Outside the scope of sales tax, many states use a patchwork of economic nexus thresholds similar to those used for sales tax to determine nexus for taxes based on nonincome measures, such as franchise taxes or gross receipts taxes. For example, Ohio imposes a commercial activity tax (CAT) on out-of-state businesses with a bright-line presence in Ohio and Ohio taxable gross receipts of $150,000 or more per calendar year. Washington state's business and occupation (B&O) tax is imposed on any business without physical presence in the state that has more than $100,000 in combined gross receipts attributed to Washington.

Frustratingly, a remote seller may find that registering in such a state for sales tax may have unintended consequences. Some states will automatically register a new sales taxpayer for gross receipts or franchise taxes, assuming that if the remote seller has nexus for sales tax, it also has nexus for other taxes. This is often the case in Washington state. Texas regulations explicitly state that if a foreign taxable corporation has a Texas use tax permit, then it is presumed to have nexus in the state for franchise tax purposes (34 Tex. Admin. Code §3.586(e)).

Accordingly, a remote seller that registers for sales tax in a number of states may create a more substantial compliance burden than originally anticipated. Further, since states with a minimum income or franchise tax require the minimum amount to be paid regardless of state-apportioned sales, a remote seller may be forced to pay even if apportioned sales in the state are minuscule, or be faced with the penalties of noncompliance.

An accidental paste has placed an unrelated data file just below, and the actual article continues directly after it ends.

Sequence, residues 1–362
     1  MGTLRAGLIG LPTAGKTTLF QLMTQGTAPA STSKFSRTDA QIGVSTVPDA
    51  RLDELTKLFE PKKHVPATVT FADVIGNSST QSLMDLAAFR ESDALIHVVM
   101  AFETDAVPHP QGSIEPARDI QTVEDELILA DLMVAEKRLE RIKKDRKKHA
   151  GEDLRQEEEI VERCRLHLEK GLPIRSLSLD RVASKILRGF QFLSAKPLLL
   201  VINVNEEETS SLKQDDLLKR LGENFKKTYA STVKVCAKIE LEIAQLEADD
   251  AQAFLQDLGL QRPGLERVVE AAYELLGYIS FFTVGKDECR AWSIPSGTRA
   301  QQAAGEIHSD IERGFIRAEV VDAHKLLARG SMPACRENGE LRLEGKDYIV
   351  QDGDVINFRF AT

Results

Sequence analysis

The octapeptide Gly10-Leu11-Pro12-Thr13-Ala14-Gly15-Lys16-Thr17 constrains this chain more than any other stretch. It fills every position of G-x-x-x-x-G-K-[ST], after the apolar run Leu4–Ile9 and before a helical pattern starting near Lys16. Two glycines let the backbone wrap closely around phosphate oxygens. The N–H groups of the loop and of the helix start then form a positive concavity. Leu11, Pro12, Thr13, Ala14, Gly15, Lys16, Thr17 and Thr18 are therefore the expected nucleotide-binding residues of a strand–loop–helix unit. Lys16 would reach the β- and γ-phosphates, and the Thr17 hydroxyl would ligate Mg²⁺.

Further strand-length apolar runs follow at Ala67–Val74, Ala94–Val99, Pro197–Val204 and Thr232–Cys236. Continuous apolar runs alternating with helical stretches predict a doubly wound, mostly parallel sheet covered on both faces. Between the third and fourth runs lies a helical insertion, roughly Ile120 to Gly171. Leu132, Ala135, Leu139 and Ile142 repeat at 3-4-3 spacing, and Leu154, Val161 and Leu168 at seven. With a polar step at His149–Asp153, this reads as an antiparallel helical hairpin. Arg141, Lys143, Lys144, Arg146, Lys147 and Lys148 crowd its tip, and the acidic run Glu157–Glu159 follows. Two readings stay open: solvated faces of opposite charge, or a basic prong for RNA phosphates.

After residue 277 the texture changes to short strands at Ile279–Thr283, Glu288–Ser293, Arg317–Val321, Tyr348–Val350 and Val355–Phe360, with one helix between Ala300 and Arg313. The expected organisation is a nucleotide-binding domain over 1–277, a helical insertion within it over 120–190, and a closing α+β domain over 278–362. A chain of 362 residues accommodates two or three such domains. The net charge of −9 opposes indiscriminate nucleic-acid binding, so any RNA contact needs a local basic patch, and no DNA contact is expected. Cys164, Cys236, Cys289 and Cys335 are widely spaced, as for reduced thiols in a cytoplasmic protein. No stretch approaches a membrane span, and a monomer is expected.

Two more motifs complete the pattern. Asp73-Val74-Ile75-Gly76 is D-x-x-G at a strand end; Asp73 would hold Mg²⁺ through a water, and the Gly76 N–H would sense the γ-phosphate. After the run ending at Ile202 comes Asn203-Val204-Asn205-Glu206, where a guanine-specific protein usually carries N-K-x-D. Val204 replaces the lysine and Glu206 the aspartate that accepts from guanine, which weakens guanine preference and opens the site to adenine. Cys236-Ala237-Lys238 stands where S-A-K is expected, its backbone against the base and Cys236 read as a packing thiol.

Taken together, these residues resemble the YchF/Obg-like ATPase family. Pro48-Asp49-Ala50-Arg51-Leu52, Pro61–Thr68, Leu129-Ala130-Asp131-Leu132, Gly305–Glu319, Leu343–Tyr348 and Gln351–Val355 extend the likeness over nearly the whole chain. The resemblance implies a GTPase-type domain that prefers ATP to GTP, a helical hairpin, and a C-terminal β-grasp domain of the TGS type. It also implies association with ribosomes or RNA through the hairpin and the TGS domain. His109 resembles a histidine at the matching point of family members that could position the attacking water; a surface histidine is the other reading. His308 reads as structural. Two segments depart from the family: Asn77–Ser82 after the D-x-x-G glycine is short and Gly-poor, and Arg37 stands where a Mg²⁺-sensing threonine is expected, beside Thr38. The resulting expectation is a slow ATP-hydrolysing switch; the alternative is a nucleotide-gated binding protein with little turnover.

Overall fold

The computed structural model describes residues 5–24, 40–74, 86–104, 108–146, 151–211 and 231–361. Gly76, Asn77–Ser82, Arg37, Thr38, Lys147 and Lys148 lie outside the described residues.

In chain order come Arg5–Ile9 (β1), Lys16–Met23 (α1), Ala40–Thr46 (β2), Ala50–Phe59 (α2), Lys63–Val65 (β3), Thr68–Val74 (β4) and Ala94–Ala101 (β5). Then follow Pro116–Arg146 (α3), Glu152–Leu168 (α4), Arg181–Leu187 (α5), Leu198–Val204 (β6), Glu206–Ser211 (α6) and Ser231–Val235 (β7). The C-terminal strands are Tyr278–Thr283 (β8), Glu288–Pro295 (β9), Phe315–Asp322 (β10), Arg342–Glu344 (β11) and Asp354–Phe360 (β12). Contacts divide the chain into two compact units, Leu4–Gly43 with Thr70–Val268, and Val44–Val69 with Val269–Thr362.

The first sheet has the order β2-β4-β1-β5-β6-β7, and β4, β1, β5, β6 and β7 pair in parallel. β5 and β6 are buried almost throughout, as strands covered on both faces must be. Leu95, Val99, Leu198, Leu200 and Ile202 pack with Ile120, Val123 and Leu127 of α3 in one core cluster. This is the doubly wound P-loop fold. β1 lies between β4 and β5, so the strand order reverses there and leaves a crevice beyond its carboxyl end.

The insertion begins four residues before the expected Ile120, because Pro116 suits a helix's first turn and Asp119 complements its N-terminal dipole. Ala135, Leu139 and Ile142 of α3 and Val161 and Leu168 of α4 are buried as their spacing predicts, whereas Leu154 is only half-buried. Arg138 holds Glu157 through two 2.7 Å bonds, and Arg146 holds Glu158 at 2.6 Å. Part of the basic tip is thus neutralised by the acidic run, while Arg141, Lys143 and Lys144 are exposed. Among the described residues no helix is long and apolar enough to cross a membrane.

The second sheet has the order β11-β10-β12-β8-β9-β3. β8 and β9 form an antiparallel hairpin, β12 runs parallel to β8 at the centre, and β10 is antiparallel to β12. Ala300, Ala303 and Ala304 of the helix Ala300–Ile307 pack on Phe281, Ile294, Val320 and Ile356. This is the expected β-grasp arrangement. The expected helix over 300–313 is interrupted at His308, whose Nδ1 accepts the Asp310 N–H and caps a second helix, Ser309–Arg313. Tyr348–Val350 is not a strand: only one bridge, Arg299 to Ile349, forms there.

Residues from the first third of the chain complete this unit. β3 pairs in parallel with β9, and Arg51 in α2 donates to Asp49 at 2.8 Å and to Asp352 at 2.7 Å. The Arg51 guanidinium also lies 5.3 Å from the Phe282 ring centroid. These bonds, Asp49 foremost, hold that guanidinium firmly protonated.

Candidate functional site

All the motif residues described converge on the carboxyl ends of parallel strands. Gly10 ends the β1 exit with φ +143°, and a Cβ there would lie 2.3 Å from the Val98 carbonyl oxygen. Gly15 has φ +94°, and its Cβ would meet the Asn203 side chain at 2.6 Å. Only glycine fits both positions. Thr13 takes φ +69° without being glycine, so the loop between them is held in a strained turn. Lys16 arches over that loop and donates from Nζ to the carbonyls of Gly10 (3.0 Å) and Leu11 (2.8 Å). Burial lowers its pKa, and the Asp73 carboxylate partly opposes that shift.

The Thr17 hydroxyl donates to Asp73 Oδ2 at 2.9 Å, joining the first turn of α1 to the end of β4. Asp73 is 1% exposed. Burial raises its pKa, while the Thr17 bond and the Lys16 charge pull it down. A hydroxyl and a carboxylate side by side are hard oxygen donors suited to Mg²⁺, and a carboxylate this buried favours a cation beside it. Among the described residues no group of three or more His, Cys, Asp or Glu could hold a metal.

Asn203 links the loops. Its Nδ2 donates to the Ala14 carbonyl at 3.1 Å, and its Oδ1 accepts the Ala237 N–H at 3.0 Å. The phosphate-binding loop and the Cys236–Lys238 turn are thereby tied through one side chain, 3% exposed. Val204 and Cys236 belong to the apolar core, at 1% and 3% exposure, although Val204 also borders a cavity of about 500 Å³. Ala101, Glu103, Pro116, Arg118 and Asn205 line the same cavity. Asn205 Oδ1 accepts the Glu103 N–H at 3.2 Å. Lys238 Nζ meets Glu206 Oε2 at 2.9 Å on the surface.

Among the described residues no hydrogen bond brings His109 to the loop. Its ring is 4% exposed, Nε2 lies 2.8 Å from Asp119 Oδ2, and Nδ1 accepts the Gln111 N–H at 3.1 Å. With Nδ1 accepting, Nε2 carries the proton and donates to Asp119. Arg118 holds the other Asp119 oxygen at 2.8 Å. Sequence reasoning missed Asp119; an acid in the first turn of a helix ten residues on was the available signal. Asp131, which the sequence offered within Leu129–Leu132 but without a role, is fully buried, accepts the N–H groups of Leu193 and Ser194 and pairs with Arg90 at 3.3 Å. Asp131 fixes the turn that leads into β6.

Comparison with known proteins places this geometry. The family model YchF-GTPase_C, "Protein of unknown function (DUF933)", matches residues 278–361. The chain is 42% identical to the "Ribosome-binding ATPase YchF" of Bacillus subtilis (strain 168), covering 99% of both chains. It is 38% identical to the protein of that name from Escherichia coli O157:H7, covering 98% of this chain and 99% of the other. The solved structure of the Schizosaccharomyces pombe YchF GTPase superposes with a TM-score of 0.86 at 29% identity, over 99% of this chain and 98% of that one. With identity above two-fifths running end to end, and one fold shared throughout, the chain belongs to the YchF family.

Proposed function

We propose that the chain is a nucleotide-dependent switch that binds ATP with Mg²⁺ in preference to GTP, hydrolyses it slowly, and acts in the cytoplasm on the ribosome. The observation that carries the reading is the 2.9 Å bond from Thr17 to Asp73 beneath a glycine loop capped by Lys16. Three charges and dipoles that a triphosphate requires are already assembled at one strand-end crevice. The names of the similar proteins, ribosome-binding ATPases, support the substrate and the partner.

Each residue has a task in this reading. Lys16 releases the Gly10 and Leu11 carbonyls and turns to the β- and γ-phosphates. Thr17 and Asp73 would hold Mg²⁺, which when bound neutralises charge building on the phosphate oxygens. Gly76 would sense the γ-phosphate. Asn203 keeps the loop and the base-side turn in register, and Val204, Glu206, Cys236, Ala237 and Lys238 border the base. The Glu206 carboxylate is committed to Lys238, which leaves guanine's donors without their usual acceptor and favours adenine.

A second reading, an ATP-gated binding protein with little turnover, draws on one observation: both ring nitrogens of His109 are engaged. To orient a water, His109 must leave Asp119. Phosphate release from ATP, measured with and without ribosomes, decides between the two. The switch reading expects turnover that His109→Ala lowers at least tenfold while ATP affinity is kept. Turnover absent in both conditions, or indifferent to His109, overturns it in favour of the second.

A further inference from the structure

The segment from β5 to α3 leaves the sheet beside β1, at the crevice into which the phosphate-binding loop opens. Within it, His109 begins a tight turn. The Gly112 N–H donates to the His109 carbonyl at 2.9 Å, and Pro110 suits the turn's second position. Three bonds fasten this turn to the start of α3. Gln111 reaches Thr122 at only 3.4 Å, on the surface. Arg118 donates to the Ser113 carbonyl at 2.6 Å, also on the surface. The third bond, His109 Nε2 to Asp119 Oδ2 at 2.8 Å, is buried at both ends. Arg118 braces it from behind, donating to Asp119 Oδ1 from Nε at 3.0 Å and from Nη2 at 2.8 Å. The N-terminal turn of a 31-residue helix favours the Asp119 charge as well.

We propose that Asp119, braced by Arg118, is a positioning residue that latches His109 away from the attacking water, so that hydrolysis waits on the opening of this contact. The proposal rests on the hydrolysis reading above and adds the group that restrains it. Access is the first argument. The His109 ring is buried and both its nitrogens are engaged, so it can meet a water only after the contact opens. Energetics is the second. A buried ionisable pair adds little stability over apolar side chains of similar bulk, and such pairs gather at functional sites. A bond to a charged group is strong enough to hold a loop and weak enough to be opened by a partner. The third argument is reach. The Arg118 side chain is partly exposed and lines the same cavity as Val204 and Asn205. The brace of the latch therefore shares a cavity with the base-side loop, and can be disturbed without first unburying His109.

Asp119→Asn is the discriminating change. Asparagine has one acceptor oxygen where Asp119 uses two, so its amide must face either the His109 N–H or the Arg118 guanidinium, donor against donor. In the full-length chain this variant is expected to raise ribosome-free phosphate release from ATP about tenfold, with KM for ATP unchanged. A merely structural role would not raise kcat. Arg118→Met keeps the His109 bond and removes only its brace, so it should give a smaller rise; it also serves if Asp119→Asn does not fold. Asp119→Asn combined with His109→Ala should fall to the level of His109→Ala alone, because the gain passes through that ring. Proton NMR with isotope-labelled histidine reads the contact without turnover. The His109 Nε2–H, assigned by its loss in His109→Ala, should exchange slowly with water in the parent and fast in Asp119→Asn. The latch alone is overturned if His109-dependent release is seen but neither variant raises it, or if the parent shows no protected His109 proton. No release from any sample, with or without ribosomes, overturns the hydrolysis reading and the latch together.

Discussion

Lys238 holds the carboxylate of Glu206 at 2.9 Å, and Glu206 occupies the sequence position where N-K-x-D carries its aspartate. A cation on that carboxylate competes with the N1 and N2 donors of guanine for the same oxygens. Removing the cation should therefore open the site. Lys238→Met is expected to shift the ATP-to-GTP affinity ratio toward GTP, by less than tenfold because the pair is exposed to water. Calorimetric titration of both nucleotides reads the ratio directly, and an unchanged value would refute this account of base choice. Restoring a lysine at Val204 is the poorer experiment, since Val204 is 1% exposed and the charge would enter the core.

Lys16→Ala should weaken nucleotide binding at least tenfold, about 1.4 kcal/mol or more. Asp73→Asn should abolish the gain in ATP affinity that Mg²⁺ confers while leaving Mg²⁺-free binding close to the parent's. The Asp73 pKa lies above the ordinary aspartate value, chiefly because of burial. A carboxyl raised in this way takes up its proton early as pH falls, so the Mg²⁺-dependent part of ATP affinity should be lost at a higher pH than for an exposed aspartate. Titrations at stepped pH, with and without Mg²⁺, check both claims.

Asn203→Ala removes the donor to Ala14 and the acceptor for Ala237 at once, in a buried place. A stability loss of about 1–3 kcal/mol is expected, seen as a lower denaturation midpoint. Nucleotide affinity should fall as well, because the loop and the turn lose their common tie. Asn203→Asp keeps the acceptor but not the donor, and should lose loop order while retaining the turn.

More aggressively, some states have adopted economic nexus thresholds for state income-based taxes. Hawaii applies an income tax nexus threshold that matches the one used for sales tax: $100,000 of sales or 200 separate transactions. Pennsylvania enacted a "rebuttable presumption" that $500,000 in annual sales creates income tax nexus. Furthermore, numerous states have "doing business" statutes that are vague and consider deriving receipts from within the state to create nexus for income tax purposes. Nonetheless, remote sellers should consider whether federal Public Law 86-272, the Interstate Income Act of 1959, applies. Among other provisions, this law prohibits a state from imposing income tax on a seller if its business activity is limited to the solicitation of orders for sales of tangible personal property.

Ultimately, Wayfair is a monumental case solely for sales tax purposes. However, its reverberating effects have resulted in a complex web of state tax rules that create dangerous pitfalls for the unwary. Remote sellers that establish economic nexus for sales tax in a state may find themselves surprised by the compliance challenges presented by local sales tax in addition to income, franchise, or gross receipts taxes in the state. Online buyers should not be shocked when sales tax gets tacked onto their online orders, unless they live in Missouri (for now).

EditorNotes

Mark Heroux, J.D., is a tax principal in the Tax Advocacy and Controversy Services practice at Baker Tilly US, LLP in Chicago.

For additional information about these items, contact Mr. Heroux at 312-729-8005 or mark.heroux@bakertilly.com.

Unless otherwise noted, contributors are members of or associated with Baker Tilly US, LLP.